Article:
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Why is my Canon 600d taking really dark photos?

garrethb
Apprentice

I'm using a Canon 600d with a EFS 18-55mm lens. I'm in the M setting on the dial with the shutter speed at 1/125 and f/5.6 and the phots are coming out really dark even though the room is bright. Please help?

7 REPLIES 7

ebiggs1
Legend
Legend

It isn't "bright" enough. Smiley Frustrated

 

When in "M" you need to look at the light meter in the view finder and set the lens accordingly.

When using "M" you need to set three things the aperture, the shutter and the ISO.

EB
EOS 1DX and 1D Mk IV and less lenses then before!

Derekp13
Apprentice

Change the iso to 1600

amfoto1
Authority

Stop using the M (manual) mode until you understand it fully.

 

You can't just choose a shutter speed and an aperture. As ebiggs mentions, you need to take a meter reading and then set the camera up appropriately. As Derekp13 mentions, indoors with artificial lighting you will likely need to use a higher ISO.... but just switching to 1600 is sheer guess work. It might work... or not.

 

I highly recommend buying a copy of the book  "Understanding Exposure" by Bryan Peterson. It's around $18 on Amazon and might be the best money you ever spend on your photography hobby.  

 

Until you get the book, read it and understand it, set the camera to P (program) mode and the camera will select both the shutter speed and the aperture for you, based upon the meter readings it takes. You'll still need to watch for warnings about over or underexposure and adjust the ISO when needed (higher in dim conditions, or lower in bright light).

 

There are more highly automated modes on the camera, but by using P, Av, and Tv, which are also automatic modes but allow you to give some input to what the camera does, you are taking the first steps toward learning to use the camera in full manual (M) exposure mode.

 

***********
Alan Myers

San Jose, Calif., USA
"Walk softly and carry a big lens."
GEAR: 5DII, 7D(x2), 50D(x3), some other cameras, various lenses & accessories
FLICKR & PRINTROOM 

 





I was just saying to try 1600 to see the difference. It should be a huge difference.

Don't buy books, watch some youtube tutorials.

Actually... I WOULD buy the Bryan Peterson "Understanding Exposure" book... probably one of the most recommended books for those who want to learn to take control of their DSLR and learn to shoot on manual.  The Scott Kelby Digital Photography series of books is also commonly recommended (I think that's up to 4 volumes now) -- but I think the Bryan Peterson book is probably more popular.  These books use common language and wont confuse you with technical terms with a presumption that you know all the terminology... they teach you the terminology, but the books are designed for those just starting out.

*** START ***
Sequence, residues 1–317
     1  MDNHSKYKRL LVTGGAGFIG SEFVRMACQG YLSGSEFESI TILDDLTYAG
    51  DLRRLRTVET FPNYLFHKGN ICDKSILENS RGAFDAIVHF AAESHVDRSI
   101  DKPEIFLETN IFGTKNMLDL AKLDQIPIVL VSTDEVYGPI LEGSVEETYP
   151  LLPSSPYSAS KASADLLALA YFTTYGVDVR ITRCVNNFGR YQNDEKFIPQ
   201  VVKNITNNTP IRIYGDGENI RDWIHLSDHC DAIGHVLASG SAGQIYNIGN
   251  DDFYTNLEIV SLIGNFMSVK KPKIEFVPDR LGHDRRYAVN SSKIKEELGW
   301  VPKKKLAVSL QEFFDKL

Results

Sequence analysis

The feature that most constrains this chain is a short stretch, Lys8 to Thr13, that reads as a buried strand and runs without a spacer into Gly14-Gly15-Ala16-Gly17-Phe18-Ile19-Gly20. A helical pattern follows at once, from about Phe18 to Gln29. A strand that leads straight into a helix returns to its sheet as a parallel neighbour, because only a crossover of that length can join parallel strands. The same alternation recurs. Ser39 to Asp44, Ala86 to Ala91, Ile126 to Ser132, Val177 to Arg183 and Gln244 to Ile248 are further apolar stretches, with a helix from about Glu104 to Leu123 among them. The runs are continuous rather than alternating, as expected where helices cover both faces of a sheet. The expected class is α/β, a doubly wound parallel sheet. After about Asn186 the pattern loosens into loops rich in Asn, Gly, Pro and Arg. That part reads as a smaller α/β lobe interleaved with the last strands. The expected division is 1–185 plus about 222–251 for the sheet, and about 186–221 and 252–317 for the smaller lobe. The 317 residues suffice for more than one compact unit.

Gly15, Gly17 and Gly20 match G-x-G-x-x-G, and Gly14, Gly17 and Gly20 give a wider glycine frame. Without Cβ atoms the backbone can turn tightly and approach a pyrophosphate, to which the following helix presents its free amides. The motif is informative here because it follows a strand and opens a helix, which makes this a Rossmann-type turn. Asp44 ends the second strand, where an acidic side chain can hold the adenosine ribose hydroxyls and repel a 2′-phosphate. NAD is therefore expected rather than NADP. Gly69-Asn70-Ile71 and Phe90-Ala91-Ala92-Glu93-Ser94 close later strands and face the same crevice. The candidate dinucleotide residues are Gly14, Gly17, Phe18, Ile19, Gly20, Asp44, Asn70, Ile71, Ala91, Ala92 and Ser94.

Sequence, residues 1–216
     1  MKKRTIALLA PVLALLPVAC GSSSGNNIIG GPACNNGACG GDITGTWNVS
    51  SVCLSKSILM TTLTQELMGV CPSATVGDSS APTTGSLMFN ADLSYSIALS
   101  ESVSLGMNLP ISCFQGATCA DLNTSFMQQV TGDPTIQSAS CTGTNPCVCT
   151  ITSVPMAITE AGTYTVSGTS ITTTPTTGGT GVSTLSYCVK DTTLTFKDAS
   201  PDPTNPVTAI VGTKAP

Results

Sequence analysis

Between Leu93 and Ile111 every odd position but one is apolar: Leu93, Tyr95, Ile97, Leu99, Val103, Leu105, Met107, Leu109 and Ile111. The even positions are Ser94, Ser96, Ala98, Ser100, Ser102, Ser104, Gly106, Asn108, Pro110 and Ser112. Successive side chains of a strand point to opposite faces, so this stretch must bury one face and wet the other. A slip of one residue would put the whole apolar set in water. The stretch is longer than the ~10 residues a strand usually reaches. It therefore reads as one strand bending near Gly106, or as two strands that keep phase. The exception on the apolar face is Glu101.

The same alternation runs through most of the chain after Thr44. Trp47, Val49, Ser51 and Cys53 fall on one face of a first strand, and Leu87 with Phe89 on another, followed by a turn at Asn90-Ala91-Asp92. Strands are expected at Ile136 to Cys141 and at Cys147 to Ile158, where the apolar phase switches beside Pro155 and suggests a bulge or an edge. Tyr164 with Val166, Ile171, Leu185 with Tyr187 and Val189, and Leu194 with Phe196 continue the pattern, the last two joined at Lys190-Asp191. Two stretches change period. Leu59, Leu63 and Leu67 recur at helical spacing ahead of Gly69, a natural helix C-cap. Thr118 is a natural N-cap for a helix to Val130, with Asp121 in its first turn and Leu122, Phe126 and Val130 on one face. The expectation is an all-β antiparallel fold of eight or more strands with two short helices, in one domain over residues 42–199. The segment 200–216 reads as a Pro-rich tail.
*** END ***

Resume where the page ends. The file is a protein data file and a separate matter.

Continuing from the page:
The ultimate goal is to understand how to determine when you have the right exposure... if you can shoot in manual you can shoot in any mode.  With that said... I do actually use ALL the modes on my camera -- not just manual.  There are reasons the other modes exist.  

 

As for videos... this one should hopefully be a good primer to understand exposure and how you can trade off one part of the exposure setting, but make up for it by balancing out another part of the exposure setting.

 

https://www.youtube.com/watch?v=6-NhJua5NFA

 

BTW, you'll learn about "equivalent exposures" -- but they're not really equivalent.  When you trade one setting for another, you get nuances... some exposures are better for freezing action.  Some better for creating selective focus (focus only on your intended subject with everything else deliberately blurred).  Some are better for landscapes where everything is in focus.  Some are better for keeping noise minimized in low light shooting.  Some are better for "blurring" moving parts of the shot to imply motion.  The list goes on and on -- the point is, picking the right exposure combination is a creative process.

 

I do NOT normally suggest you crank up the ISO as a way to improve the light becasue the camera will increase the amount of "noise" in the image.  The image will start to look grainy.  If you shoot JPEG then the camera will attempt to reduce the noise via software smoothing processes... but this has the side effect of softening the image (focus will not look as sharp.)

 

This is why it's a good idea to read a good book or watch a few good videos to make sure you understand it.  It's actually not very hard, but may take some practice to get it to really sink in.  I find that even after explaining it to people, they don't "really" get it until they do a few exercises/experiments of their own -- and then the light bulb comes on and you "get it".

 

Tim Campbell
5D III, 5D IV, 60Da

"... until they do a few exercises/experiments of their own  ..."

 

Experience is the best teacher. Go out and shoot. Shoot lots, the film is free. Smiley Very Happy

EB
EOS 1DX and 1D Mk IV and less lenses then before!

"... the film is free..."

 

Yeah, it's only the shutter repairs, other mechanicals of the camera and lenses, sensor cleanings, memory cards, batteries, software, hard drives and regular upgrades that will cost you a fortune. Smiley Happy

 

But seriously, yes it's a good idea to shoot and practice a lot, too. Make some mistakes and learn from them.

 

And a good basic book about photography can really help you make sense of it all.

 

***********
Alan Myers

San Jose, Calif., USA
"Walk softly and carry a big lens."
GEAR: 5DII, 7D(x2), 50D(x3), some other cameras, various lenses & accessories
FLICKR & PRINTROOM 

 





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